In response to Reuters questions, State Department spokesperson Ned Price said anyone in the United States on an A-1 visa no longer engaged in official business must depart the country within 30 days, or apply for a change of immigration status. Price said he could not comment on an individual's visa status, but was speaking in general terms about visa rules.
"If an individual has no basis on which to be in the United States, an individual is subject to removal by the Department of Homeland Security," Price said.
That view was echoed by John Feeley, U.S. ambassador to Panama from late 2015 to 2018 when that Central American nation sought the extradition of its former president Ricardo Martinelli.
"The United States — or any sovereign nation for that matter — may remove a foreigner, even one who entered legally on a visa, for any reason," Feeley said. "It's a purely sovereign decision for which no legal justification is required."
If Brazil moves to retrieve Bolsonaro
Lula, as he is familiarly known, has blamed Bolsonaro for Sunday's violence. In a tweet on Sunday, Bolsonaro distanced himself from Sunday's riot, saying it had crossed the line of peaceful protest.
The attack itself could result in a probe by the Brazilian Supreme Court, led by crusading Justice Alexandre de Moraes.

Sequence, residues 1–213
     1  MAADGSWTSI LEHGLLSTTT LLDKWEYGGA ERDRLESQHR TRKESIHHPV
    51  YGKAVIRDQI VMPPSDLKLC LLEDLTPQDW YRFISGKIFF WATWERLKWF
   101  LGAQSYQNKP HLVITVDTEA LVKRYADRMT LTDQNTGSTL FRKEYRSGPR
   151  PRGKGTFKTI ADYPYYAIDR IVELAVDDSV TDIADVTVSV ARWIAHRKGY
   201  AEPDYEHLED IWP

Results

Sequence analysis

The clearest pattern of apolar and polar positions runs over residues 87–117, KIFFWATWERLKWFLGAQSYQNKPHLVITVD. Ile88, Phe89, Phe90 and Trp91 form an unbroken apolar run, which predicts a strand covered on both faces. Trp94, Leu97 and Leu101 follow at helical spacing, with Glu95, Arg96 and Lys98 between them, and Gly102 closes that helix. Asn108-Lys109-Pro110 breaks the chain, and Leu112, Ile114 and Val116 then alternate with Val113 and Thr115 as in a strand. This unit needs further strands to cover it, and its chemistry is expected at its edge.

WATCH | Several weapons found, probes begin after hundreds arrested in Brazil:
If Moraes were to sign an arrest warrant while Bolsonaro is in the United States, the former president would be technically required to fly back to Brazil and hand himself over to police. If he refused, Brazil could issue an Interpol Red Notice to prompt his arrest by U.S. federal agents.
If Bolsonaro were detained, Brazil would have to seek his extradition, which could take years to play out.
The stakes for Bolsonaro
Lula had already pledged in his Jan. 1 inauguration speech that Bolsonaro would be prosecuted if needed with respect to previous cases. The four criminal probes previously underway included allegations Bolsonaro leaned on the federal police to protect his sons, spread known electoral falsehoods and harboured a troll farm peddling disinformation from within his presidential office.
While the judiciary is independent, prosecutions of former presidents are not unheard of in Brazil.
Lula himself was imprisoned due to a corruption case stemming from the sprawling Lava Jato (Car Wash) probe, which also saw former president Michel Temer arrested at one point. Lula has maintained his conviction was politically motivated.
As well, ex-president Fernando Collor de Mello faced a corruption trial in the 1990s, and was ultimately acquitted.
The Bolsonaro question for the U.S. may be ultimately moot, owing to his ongoing health issues. He was hospitalized in Florida on Monday due to abdominal pains related to a 2018 stabbing he suffered while on the campaign trail, his wife said on social media.
Bolsonaro told CNN Brasil that he intended to cut short his U.S. stay due to the medical issues, according to a report published on the outlet's website, adding that the trip was originally planned through the end of the month.
With files from CBC News